“Example has more followers than reason. We unconsciously imitate what pleases us, and approximate to the characters we most admire.” – Christian Nestell Bovee
We all love a good story. And by good, I don’t simply mean popular, or timeless, or happy-ending-guaranteed, or because it was created by our favourite writer/ producer. Sure, what each of us classifies as a ‘good’ story may have one or more (and possibly all) of the above, but I think what makes a good story, is not what entertains us the most … but what inspires us the most.
And the greatest of inspirations always have, and always will, come from the characters.
But what, exactly, makes a fictional character inspiring? Really, though, the better question to ask would be, what is it about a character that inspires you? Every person relates to a story and its characters differently.
When reading a book, or watching a movie/ series (or even playing a game), our own personalities and personal experiences come into context and alter the point of view we have of the characters coming to life before us. One character’s behaviour may frustrate some people to no end; others may be highly entertained by their attitudes and actions; while still others may feel a mutual connection and end up being inspired by that particular character’s journey through the story (even if it’s not a main character).
The inspiration a reader/ viewer experiences may come from just one particular quality a character portrays … but in a lot of cases, there are multiple ones that end up stirring within us emotions, contemplations, and even revelations.
All characters have faults and virtues. Some people find inspiration from the virtuous traits, others from the flaws, and the reasons why vary to quite an extent. One reader could be inspired by a Hero’s fearlessness and trust is his own ability (perhaps because they strive to be more like that in their own lives), while another reader may find an equal amount of inspiration from that same Hero’s struggle with anger or guilt from a past event/ upbringing/ betrayal/ or whatever (perhaps because, for them, anger and guilt issues have been a personal struggle too).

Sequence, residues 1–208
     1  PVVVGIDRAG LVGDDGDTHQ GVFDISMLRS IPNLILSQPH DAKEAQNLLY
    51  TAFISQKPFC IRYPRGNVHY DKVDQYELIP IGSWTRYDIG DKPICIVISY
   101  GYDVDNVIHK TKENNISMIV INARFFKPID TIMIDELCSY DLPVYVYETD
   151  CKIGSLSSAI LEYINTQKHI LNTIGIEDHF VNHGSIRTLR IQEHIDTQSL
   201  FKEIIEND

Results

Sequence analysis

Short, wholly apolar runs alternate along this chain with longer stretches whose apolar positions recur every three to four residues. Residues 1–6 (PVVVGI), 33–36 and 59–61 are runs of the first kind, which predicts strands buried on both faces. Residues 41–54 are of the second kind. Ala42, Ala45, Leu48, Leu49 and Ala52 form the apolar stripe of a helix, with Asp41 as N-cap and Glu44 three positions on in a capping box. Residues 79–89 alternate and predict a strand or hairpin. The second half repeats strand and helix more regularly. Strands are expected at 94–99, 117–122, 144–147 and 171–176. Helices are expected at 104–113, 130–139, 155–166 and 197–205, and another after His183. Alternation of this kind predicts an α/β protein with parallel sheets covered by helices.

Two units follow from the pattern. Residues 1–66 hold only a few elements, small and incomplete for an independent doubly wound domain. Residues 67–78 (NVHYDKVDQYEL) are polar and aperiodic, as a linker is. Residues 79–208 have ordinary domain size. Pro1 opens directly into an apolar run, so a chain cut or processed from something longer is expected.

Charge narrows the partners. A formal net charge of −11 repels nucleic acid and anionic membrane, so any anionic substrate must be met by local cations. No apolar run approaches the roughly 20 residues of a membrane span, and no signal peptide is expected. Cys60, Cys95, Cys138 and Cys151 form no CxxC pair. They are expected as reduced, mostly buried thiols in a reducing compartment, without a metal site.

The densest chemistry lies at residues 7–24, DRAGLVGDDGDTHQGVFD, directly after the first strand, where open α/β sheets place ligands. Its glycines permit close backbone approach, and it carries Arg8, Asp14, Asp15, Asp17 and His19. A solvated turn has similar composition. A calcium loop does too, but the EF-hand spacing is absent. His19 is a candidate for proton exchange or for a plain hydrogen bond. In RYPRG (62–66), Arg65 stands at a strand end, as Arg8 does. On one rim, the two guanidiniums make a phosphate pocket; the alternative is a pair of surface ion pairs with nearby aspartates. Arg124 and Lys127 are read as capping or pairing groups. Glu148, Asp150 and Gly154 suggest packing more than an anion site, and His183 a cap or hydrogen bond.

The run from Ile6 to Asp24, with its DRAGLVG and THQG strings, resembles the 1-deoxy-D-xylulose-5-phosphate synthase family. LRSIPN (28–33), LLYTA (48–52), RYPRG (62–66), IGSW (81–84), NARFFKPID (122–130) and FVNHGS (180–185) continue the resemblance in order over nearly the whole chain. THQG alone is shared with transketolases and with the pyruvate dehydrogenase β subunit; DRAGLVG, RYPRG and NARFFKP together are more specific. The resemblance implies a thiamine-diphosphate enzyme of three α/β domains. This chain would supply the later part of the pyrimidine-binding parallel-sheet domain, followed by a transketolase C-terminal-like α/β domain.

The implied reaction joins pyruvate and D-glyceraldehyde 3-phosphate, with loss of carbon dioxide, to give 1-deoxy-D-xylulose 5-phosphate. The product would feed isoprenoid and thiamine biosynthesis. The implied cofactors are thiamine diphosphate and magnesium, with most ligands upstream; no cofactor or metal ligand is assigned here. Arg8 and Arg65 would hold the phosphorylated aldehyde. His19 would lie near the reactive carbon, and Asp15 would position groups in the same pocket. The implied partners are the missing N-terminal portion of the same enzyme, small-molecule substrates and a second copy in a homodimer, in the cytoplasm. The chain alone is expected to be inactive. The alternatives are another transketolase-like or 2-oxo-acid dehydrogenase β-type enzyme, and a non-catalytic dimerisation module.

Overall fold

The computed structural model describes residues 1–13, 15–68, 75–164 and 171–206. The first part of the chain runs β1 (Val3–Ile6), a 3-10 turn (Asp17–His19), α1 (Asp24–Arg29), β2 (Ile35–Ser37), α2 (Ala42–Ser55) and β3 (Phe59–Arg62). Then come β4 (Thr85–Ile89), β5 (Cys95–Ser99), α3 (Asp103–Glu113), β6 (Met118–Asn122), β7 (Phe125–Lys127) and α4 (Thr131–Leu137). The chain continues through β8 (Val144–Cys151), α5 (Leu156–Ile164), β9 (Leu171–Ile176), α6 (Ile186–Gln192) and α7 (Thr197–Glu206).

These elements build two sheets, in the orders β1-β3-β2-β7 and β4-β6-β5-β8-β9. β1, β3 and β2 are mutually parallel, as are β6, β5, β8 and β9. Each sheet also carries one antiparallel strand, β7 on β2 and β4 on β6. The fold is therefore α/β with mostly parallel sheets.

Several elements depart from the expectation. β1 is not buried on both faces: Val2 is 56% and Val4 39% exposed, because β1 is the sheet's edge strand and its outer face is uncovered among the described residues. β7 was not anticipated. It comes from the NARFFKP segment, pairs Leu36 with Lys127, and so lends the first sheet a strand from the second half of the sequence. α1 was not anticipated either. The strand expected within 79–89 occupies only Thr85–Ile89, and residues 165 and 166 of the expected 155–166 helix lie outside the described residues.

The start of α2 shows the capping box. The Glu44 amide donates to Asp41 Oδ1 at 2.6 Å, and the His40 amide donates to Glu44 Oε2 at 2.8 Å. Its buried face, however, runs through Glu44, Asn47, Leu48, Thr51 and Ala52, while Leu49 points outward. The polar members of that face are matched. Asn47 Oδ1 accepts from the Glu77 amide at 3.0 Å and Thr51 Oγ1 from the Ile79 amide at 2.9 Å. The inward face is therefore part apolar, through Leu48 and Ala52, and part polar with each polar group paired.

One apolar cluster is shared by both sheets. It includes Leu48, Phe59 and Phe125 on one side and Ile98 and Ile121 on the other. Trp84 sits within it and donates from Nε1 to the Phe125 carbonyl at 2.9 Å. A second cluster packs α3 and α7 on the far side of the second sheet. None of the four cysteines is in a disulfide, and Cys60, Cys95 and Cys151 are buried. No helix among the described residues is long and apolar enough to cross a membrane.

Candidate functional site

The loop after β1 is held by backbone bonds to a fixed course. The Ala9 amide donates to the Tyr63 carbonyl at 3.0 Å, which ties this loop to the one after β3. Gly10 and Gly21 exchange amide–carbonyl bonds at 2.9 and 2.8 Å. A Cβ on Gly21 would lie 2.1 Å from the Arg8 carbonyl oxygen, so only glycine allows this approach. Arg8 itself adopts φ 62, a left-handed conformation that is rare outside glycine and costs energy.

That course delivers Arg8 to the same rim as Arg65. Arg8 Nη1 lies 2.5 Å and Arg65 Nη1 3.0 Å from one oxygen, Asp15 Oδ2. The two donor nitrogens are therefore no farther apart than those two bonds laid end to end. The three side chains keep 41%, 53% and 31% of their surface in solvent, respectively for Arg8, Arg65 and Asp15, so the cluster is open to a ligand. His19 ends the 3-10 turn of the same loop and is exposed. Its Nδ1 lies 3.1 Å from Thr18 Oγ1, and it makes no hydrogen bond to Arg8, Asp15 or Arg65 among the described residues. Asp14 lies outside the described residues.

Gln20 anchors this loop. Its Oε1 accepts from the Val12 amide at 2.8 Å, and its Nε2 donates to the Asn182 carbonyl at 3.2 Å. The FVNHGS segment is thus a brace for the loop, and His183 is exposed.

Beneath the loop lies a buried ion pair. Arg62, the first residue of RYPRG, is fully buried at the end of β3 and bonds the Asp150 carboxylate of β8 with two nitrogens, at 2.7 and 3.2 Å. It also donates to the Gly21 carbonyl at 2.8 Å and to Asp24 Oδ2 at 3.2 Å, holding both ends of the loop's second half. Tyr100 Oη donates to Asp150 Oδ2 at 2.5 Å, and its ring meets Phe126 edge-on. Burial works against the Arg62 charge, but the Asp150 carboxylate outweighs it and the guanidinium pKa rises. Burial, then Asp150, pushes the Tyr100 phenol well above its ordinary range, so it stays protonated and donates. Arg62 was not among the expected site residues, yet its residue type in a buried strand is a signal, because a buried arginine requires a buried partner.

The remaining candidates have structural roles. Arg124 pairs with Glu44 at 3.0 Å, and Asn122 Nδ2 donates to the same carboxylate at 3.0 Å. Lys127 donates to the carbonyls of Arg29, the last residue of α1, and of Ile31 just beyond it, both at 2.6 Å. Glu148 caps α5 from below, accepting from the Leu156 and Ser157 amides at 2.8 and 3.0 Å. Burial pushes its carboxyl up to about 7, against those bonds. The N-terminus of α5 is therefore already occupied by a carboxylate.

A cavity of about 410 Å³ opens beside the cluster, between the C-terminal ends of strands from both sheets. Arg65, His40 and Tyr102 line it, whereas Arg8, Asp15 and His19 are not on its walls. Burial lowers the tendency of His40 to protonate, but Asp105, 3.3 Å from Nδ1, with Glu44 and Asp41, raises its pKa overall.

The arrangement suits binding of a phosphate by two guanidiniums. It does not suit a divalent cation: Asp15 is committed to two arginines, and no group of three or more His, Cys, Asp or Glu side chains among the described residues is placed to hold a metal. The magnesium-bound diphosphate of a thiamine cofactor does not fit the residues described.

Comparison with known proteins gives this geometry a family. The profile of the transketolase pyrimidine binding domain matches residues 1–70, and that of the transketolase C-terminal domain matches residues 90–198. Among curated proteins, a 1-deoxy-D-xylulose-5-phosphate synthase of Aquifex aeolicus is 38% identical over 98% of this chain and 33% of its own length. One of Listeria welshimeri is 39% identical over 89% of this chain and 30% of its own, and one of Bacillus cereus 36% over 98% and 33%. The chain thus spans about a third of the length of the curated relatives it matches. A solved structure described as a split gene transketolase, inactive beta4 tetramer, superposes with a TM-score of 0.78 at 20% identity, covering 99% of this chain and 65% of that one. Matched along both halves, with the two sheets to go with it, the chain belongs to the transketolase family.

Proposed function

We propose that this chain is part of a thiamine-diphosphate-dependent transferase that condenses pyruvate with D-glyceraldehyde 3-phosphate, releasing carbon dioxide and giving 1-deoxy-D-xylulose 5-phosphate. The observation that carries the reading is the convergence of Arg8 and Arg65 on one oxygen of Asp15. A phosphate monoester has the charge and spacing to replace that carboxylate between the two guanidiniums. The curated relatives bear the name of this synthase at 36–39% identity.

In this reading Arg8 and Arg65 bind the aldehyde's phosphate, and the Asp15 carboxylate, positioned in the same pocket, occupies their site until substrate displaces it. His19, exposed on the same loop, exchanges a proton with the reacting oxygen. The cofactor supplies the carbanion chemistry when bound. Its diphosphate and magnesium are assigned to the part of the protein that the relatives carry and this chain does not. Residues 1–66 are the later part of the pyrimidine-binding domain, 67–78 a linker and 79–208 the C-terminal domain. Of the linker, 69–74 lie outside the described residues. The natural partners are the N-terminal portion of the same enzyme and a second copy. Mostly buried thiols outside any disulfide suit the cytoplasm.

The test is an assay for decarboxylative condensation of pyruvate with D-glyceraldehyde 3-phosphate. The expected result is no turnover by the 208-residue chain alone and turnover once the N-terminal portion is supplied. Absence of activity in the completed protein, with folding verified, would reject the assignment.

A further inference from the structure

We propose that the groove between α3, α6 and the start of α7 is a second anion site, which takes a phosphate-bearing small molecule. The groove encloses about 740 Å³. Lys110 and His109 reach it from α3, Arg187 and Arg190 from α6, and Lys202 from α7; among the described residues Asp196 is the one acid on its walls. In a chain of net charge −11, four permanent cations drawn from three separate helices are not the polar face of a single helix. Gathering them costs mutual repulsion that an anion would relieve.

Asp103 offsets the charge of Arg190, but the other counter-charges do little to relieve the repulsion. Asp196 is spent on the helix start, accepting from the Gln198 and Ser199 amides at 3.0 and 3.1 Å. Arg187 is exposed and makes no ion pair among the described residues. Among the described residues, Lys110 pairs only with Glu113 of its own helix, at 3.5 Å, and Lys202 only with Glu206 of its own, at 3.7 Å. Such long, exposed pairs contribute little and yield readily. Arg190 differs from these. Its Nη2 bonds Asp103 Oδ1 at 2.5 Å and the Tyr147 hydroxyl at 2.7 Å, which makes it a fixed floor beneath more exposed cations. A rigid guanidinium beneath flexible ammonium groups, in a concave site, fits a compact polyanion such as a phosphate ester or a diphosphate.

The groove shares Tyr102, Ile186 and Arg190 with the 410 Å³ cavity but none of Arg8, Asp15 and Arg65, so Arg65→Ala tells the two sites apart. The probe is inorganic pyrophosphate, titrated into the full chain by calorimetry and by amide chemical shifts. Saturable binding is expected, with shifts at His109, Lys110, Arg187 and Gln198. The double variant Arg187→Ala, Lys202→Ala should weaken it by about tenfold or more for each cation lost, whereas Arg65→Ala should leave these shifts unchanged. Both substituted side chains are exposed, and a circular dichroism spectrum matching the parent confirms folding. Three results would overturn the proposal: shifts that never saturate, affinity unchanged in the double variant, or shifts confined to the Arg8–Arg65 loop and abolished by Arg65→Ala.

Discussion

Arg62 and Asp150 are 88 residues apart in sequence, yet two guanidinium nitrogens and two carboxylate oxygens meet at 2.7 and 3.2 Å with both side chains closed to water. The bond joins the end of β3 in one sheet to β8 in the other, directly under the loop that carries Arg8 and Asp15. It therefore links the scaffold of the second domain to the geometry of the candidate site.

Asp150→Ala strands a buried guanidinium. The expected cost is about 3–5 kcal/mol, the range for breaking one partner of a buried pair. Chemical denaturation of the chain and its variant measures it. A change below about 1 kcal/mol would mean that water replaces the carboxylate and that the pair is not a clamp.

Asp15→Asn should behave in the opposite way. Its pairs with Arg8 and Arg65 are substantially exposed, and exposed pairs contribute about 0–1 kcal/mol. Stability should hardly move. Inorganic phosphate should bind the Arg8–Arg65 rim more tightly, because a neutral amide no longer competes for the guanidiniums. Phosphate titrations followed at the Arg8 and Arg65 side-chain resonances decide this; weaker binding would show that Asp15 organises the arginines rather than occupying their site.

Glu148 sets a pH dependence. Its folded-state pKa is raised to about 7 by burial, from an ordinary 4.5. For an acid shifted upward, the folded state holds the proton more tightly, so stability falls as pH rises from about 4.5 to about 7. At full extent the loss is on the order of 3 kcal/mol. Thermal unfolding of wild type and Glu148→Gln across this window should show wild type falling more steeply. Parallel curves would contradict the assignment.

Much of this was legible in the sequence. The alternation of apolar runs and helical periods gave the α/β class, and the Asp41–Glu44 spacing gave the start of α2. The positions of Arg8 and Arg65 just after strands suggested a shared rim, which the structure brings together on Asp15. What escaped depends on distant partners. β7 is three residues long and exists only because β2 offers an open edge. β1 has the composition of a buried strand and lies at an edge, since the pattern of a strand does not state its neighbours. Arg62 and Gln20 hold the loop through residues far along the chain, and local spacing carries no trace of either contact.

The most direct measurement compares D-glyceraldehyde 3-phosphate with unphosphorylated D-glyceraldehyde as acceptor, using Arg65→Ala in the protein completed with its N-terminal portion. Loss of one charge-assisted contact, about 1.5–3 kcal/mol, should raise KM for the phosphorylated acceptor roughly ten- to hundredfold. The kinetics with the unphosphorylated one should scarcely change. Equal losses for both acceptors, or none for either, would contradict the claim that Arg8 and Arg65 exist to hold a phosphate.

Captain Nathan Algren is a good example of this type of character.
Usually, though, we end up finding inspiration from both sides. Sometimes, it’s about the endurance of a character’s honourable nature; other times it’s a character’s already fallen standing followed by the journey they take that transforms a part of them for the better. Sometimes we even find inspiration from a do-everything-right type of character learning that doing what they would normally consider ‘wrong’ is sometimes necessary for the greater good. The opposite holds true, too; a do-whatever-they-like type of character learning that stepping outside of themselves, even to their own detriment, comes with its own reward.
The humanity reflected through these fictional characters is what draws us to them. Every created character in a story has a value that should not be (ignorantly) undermined or (immaturely) ridiculed. They are who they are because that is how they are meant to be. Some readers/ viewers may loathe the qualities of a certain character, but for others, that character is an inspiration; a reminder of whom they once were, or from what they’ve come from, or perhaps what they’re still working through or dealing with.
Inspirations come from many different places in the spectrum of fictional characters, and from many different perspectives. As audiences to the stories these individuals undertake, we need to remind ourselves of what makes them inspiring (or abhorrent) not only to us, but also to others. And to learn to appreciate a character for what they are (that, of course, doesn’t mean you have to like them if you already don’t – but you can learn to appreciate them).
Like this guy! (one of my personal un-favourites)
Ask yourself what draws you to your favourite fictional characters? What qualities about them inspire you? If you really don’t like a particular character from a story, why not take a moment to work out why. And perhaps even challenge yourself into working out what inspiring qualities others see in characters that you don’t particular like.
It probably won’t take you long to discover that the way we view different fictional characters, is actually a pretty accurate way we look at other people in real life. And there’s not necessarily anything wrong with that. Difference is what makes the world a more interesting place! And that’s a law that governs both fantasy and reality.
So, why don’t you make a list sometime of your favourite stories, and then pick out your favourite characters from them and write down what you find inspiring about them! You may actually be surprised, or even enlightened, by the results – especially if you take the time to work out why.
“We have created characters and animated them in the dimension of depth, revealing through them to our perturbed world that the things we have in common far outnumber and outweigh those that divide us.”
– Walt Disney